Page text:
A lovely snack for silverfish

Silverfish are one of my favourite pests. Yes, I know that’s strange- they like to eat things that are rich in starch, and so are a nightmare for anyone looking after historic books or paper. But I like them because they are easy to identify with the naked eye, as they are about 2 mm long and a really distinctive shape. When we found a whole gang in one of our pest traps the other day we knew straight away what we were dealing with.

Close up of a pest trap, containing twelve silverfish and a moth.

Twelve silverfish, and a moth.

Ordinarily we wouldn’t worry too much- every house (even yours!) has a background level of insect activity, but the store where we found it is where we keep Mrs Greville’s precious photo albums and newspaper cuttings books. The latter are filled with nearly every newspaper article ever written about Mrs Greville and her family. Filled with starch and glue, they are an absolute silverfish feast.

We’ve been checking the books and albums page by page for signs of damage. This job is an absolute joy- it’s a great opportunity to browse this fascinating archive of Mrs Greville’s life. One of my favourite finds is this relaxed family photo of our current Queen running down one of Polesden’s garden paths as a child- with her mother following behind at a more sedate pace.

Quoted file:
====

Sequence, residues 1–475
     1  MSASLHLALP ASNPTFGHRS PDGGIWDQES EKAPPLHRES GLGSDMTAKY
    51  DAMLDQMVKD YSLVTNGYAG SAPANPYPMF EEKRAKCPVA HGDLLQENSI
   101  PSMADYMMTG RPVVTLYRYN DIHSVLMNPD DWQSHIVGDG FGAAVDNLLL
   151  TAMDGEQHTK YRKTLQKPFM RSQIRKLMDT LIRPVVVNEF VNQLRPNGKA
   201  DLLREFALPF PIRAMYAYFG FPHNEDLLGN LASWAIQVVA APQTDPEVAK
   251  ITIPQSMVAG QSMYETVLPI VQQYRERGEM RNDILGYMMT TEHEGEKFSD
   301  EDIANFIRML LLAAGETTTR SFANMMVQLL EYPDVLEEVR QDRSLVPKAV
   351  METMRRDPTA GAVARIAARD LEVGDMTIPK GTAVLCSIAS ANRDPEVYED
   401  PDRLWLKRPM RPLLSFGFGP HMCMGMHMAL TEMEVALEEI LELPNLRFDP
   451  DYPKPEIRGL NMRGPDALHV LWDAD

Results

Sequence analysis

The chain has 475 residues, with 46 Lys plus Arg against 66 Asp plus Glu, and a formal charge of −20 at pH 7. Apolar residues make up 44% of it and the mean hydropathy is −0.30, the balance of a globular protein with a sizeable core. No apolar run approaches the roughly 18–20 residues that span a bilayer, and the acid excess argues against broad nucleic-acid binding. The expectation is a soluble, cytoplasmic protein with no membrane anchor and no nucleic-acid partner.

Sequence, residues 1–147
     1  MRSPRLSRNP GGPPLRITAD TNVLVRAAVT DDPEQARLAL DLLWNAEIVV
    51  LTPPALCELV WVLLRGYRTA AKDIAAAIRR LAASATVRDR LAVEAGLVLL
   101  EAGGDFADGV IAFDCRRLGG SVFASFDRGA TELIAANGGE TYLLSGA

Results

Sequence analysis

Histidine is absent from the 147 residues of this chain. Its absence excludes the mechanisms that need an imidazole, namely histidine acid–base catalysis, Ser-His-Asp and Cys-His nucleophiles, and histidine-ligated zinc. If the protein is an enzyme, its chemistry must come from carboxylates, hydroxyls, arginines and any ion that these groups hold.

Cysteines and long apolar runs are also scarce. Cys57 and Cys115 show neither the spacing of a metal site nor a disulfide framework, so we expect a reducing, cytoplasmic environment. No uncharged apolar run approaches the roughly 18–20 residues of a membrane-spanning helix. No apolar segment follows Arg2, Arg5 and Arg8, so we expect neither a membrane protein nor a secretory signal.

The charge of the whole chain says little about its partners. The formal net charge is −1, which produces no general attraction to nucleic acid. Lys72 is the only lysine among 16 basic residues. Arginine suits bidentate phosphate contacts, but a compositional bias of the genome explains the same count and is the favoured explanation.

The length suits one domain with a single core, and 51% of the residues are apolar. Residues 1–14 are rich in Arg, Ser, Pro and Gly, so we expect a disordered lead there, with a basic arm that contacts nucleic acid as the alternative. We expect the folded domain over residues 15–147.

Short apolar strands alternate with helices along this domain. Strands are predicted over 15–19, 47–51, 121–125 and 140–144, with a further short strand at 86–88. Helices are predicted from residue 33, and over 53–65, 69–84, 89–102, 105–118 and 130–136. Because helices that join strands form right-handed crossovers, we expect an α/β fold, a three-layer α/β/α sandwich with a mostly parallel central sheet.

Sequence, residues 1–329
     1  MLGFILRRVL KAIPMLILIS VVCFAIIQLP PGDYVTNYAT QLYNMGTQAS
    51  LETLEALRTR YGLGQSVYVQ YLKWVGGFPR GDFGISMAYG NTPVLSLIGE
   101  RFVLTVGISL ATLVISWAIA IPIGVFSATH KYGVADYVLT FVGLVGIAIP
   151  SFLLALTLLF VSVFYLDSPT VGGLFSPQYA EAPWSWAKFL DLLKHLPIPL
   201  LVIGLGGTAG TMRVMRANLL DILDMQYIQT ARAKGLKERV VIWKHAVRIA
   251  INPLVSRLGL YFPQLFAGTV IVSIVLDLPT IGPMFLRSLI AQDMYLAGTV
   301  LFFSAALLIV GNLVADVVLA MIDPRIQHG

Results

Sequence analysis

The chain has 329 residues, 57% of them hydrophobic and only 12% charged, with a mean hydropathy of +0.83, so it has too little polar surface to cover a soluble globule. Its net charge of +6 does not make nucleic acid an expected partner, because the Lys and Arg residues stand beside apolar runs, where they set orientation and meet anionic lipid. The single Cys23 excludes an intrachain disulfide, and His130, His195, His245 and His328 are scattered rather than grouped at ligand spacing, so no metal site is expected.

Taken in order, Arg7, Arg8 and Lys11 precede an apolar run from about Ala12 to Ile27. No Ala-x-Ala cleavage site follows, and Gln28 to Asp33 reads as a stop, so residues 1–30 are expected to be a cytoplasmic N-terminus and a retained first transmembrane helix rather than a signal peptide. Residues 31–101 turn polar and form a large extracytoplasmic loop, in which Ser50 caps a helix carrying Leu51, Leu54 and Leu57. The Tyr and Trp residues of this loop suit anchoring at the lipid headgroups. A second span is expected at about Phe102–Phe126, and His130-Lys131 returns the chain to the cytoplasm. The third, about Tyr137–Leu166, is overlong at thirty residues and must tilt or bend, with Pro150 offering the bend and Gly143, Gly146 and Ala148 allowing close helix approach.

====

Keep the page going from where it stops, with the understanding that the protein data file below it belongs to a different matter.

Photograph of four adults following Princess Elizabeth as she skips down a garden path.

Princess Elizabeth, the Duchess of York, and friends.

Most of the books seem fine, however when I checked the final book in the set:

Close up of an open cuttings book. Holes have been bitten through the paper by silverfish.

I was worried any damage would be hard to spot, until I saw this.

Classic signs of silverfish nibbling- they’ve ‘grazed’ through the surface of the paper, and only bitten all the way through in a few places.

We can’t know for certain that this is new damage. It could have happened at any time in the last 70 years. But we have to be cautious. I’m checking every week that the store is staying cool and dry using a portable Novasina device, which measures temperature and relative humidity. If the humidity goes over 65%, then I can easily reduce this using a dehumidifier or heater. Simple steps like this will go a long way to discourage our unwanted guests.

If we see any new signs of damage to the books, or continually high numbers of silverfish, then we will know we have an active problem. At that point we can call for back up from a conservator to help us say good-bye to them for good.


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